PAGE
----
Erwin Wurm: New Work
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Erwin Wurm: New Work @ Galerie Thaddaeus Ropac, London

Wed 20 Feb 2019 to Sat 23 Mar 2019

Erwin Wurm: New Work @ Galerie Thaddaeus Ropac

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Open: temporary closure

Ely House, 37 Dover Street, W1S 4NJ, London West End, UK
Open: temporary closure


Erwin Wurm: New Work


Erwin Wurm: New Work
to Sat 23 Mar 2019
temporary closure

Featuring His Interactive ‘One Minute Sculpture’ Series – Visitors Who Choose To Participate Will Receive a Polaroid of their Sculpture

A ‘Fat Mini’ To Feature From The Artist’s ‘Fat Car’ Series

Exhibition to Present A New Body of Ceramics and also New Works on Paper


Galerie Thaddaeus Ropac London Erwin Wurm 1

Galerie Thaddaeus Ropac London Erwin Wurm 2

Galerie Thaddaeus Ropac London Erwin Wurm 3

Galerie Thaddaeus Ropac London Erwin Wurm 4

Galerie Thaddaeus Ropac London Erwin Wurm 5

Galerie Thaddaeus Ropac London Erwin Wurm 6

Galerie Thaddaeus Ropac is staging live performances each Thursday, Friday and Saturday during the Erwin Wurm exhibition run of the artist’s ephemeral One Minute Sculptures, in which an individual is instructed to interact with everyday objects in a prescribed way which is then represented in photographs. Visitors to the exhibition will be invited to participate in creating their own One Minute Sculpture according to the artist’s instructions, which will be recorded in a Polaroid image for them to keep.

It was Wurm’s One Minute Sculptures that inspired the Red Hot Chili Peppers’ video for Can’t Stop (2002), in which the band performs its own versions of Wurm’s work from this series, two of which are included in Tate’s permanent collection, London. In these works, the boundaries between performance and daily life are blurred and the roles of viewer and participant or subject and object are conflated. There is often a contemplative or philosophical dimension to the One Minute Sculptures, which act as catalysts for a moment of introspection by placing the viewer in an awkward or paradoxical relationship to the object.

The One Minute Sculptures feature as part of the largest solo exhibition in the UK to date of works by Austrian artist Erwin Wurm (b. 1954), who in 2017 was commissioned to make an installation for the Austrian Pavilion at the Venice Biennale. Celebrated for creating sculpture as a form of action, the artist frequently gives objects human-like attributes, prompting viewers to question their perception of the world with his subversive forms, at times with a sense of the surreal or absurd.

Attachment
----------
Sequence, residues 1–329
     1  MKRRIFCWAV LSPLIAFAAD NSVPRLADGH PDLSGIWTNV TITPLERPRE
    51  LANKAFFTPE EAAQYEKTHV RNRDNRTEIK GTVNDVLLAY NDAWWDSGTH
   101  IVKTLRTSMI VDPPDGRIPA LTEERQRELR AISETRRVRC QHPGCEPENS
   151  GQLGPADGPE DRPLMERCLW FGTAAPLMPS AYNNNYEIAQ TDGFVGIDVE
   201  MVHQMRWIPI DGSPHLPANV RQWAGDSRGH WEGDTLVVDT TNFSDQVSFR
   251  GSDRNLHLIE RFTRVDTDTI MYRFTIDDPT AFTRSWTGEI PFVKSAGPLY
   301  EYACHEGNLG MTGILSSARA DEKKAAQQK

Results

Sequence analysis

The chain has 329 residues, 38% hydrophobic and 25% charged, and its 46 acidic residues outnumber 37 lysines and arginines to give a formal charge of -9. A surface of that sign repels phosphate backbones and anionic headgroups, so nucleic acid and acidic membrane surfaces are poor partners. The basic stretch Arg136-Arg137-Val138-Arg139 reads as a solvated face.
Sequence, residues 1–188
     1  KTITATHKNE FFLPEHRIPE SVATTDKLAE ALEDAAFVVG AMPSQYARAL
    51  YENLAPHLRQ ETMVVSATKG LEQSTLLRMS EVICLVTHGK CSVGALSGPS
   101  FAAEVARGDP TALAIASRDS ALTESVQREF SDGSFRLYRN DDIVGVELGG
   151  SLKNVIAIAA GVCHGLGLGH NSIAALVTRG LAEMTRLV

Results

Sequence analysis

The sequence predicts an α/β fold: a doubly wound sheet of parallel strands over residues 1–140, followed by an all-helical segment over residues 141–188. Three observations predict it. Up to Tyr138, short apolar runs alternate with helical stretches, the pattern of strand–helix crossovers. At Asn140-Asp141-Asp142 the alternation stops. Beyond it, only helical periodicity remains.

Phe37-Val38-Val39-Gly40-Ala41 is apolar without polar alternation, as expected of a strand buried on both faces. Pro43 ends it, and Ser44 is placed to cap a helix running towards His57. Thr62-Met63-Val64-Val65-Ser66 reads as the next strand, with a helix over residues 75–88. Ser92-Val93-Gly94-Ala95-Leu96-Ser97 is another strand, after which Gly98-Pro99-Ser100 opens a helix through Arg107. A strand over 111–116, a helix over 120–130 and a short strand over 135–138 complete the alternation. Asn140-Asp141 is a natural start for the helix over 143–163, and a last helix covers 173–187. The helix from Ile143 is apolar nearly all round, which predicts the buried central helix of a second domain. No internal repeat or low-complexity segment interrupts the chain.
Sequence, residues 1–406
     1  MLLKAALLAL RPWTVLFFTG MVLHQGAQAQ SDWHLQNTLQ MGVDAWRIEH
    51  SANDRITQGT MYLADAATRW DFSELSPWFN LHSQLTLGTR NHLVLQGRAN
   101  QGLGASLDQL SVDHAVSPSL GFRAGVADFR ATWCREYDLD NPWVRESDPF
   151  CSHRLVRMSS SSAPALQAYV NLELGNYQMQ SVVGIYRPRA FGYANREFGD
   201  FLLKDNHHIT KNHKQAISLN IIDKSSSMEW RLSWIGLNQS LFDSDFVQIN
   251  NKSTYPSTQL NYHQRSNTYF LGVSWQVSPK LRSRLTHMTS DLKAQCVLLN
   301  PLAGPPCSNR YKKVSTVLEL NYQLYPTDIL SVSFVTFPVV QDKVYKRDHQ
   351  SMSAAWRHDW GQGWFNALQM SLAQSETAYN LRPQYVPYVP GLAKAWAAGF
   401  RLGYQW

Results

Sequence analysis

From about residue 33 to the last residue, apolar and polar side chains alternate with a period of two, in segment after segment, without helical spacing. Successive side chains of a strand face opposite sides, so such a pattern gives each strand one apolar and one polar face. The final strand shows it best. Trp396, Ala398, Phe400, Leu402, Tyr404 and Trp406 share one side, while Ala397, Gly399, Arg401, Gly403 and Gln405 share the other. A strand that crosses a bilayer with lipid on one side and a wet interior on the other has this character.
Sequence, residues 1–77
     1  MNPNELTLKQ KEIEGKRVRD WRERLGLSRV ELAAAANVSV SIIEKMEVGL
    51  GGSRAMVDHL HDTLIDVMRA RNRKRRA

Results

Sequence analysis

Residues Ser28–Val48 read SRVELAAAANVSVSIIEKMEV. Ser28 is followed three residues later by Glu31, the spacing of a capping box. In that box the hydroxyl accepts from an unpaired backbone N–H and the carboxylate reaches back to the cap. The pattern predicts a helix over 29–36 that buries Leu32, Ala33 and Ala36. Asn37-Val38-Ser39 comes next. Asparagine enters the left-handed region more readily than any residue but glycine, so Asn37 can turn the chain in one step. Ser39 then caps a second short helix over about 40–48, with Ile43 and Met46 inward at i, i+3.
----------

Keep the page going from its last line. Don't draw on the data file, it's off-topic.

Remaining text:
The exhibition also features the latest in Wurm’s Fat Car series, his fattened, anthropomorphic automobiles that address our value system, providing a powerful visual critique of society’s gluttonous consumerism and its paradoxical obsession with thinness. Together with a body of recent drawings and a grouping of his Clothes Sculptures, an entirely new body of ceramic works is presented for the first time. Exploring the human form, these ceramics take on the aspect of bodily abstractions, connecting psychological states to the human body as an object, deliberately challenging traditional sculptural forms and pushing them into precarious states of distortion.

Wurm’s works are included in the permanent collections of major international institutions, including The Museum of Modern Art, New York; Solomon R. Guggenheim Museum, New York; Centre Pompidou, Paris; Albertina, Vienna; Museum für Moderne Kunst, Frankfurt am Main and National Museum of Art, Osaka.

Courtesy of Galerie Thaddaeus Ropac. Photo: Ben Westoby

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